The Progressive


A project of Common Dreams

For Immediate Release

Charles Idelson, (510)-273-2246 (NNU National)
Carl Ginsburg, (917) 405-1060 (NNU National)
Donna Smith, (773) 617-4493 (NNU National)
Jan Rabbers, 651-414-2861 (Minnesota)
John Nemo, 651.414.2863 (Minnesota)
Mary Holbrook, 517.349.5640 (Michigan)
David Schildmeier, 781-830-5717 (Massachusetts)

Nurses to Converge on 60 Congressional Offices in 21 States Sept. 1 - Call for Tax on Wall Street to Heal America

RNs to sponsor soup kitchens, food pantries, speak outs on the need for jobs, healthcare, education, housing – and outline the RN plan on how to pay for it


From Maine to California, nurses, joined by others fed up with the ongoing economic crisis, will call on Congress members in their local district offices September 1 to support a tax on Wall Street financial speculation, a revenue source fast becoming an international norm, to pay for healing the nation.

Events, from soup kitchens to help feed the hungry and homeless, to community speak outs to street theater are planned from major urban centers like Boston, Chicago, San Francisco, and Orlando, to smaller cities and towns, such as Corpus Christi, TX., Marquette, MI., Bakersfield, CA., Dayton, OH., and Worcester, MA. National Nurses United is sponsoring the actions.

Nurses will visit the home offices of Republicans and Democrats alike, with a common message. Everyday Americans are hurting, and they need jobs, healthcare, housing, quality education, nutrition, and a secure retirement, not more cuts, as has been the obsession of Congress.

See a preliminary list of actions at

The RNs will be calling on Congress members to sign a pledge to "support a Wall Street transaction tax that will raise sufficient revenue to make Wall Street pay for the devastation it has caused on Main Street." The visits follow a letter sent by certified mail to all 535 members of the House and Senate last week asking them to back the pledge and help "make the promise of the American dream... a reality."

A tax on Wall Street trading of stocks, bonds, derivatives, currencies, credit default swaps, and futures - the very financial speculative activity linked to the 2008 financial meltdown and resultant recession - could raise hundreds of billions of dollars to pay for the programs that . "are desperately needed to reduce the pain and suffering felt by so many families who feel abandoned in communities across this nation," says NNU Co-President Deborah Burger, RN.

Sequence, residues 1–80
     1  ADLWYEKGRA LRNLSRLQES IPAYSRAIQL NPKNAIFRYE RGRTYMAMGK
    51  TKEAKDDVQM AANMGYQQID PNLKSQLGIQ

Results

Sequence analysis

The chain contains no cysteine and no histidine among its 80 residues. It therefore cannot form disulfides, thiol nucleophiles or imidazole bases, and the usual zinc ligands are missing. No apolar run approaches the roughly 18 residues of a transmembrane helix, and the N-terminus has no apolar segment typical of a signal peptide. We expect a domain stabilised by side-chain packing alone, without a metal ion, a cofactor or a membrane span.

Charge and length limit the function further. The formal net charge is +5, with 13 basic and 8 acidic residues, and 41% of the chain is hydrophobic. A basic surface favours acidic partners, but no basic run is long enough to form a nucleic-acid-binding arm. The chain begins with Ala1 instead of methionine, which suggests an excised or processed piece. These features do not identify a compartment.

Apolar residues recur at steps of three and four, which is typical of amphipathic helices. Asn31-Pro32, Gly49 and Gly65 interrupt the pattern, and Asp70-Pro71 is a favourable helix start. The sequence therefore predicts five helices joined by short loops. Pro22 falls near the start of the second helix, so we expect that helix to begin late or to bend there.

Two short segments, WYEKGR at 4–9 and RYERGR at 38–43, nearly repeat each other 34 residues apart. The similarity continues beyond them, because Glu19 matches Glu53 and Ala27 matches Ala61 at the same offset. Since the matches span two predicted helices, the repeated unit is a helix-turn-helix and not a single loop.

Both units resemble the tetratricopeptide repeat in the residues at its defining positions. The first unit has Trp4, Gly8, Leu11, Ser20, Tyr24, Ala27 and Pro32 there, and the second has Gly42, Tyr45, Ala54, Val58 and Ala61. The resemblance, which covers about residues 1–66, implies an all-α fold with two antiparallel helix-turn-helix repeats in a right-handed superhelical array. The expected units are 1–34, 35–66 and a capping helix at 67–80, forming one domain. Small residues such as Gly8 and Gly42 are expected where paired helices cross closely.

A new NNU video depicts the Wall Street-made debacle,

NNU, the nation's largest union and professional association of nurses, has convened numerous other protests in recent months joined by labor and community activists, including in Washington DC, outside the headquarters of the U.S. Chamber of Commerce, and in New York City, across from the Stock Exchange, to advance this campaign.

"America's nurses see every day the broad declines in health and living standards that are a direct result of patients and families struggling with lack of jobs, un-payable medical bills, hunger and homelessness. We know where to find the resources to bring them hope and real solutions," said NNU Co-president Karen Higgins, RN.

"It's time for Wall Street financiers, who created this crisis and continue to hold so much of the nation's wealth, to start contributing to rebuild this country, and for the American people to reclaim our future," says NNU Executive Director Rose Ann DeMoro.

That point was reinforced Monday by University of Massachusetts economics professor Nancy Folbre in a New York Timesblog,, in which she wrote:

"Purchases of stocks, bonds and other financial instruments in the United States go untaxed but for a tiny fee on stock trades that helps finance the Securities and Exchange Commission. In Britain, by contrast, a 0.5 percent tax on stock transactions raises about $40 billion a year. President Nicolas Sarkozy of France and Chancellor Angela Merkel of Germany recently announced plans to introduce a similar tax in the 27 nations of the European Community.

"Our current tax policies favor speculative investment in financial instruments over productive investments in human capabilities. This imbalance helps explain why nurses' unions in the United States (NNU) have been particularly outspoken advocates of a financial transactions tax. As they put it: "Heal America. Tax Wall Street."

National Nurses United, with close to 185,000 members in every state, is the largest union and professional association of registered nurses in US history.

(240) 235-2000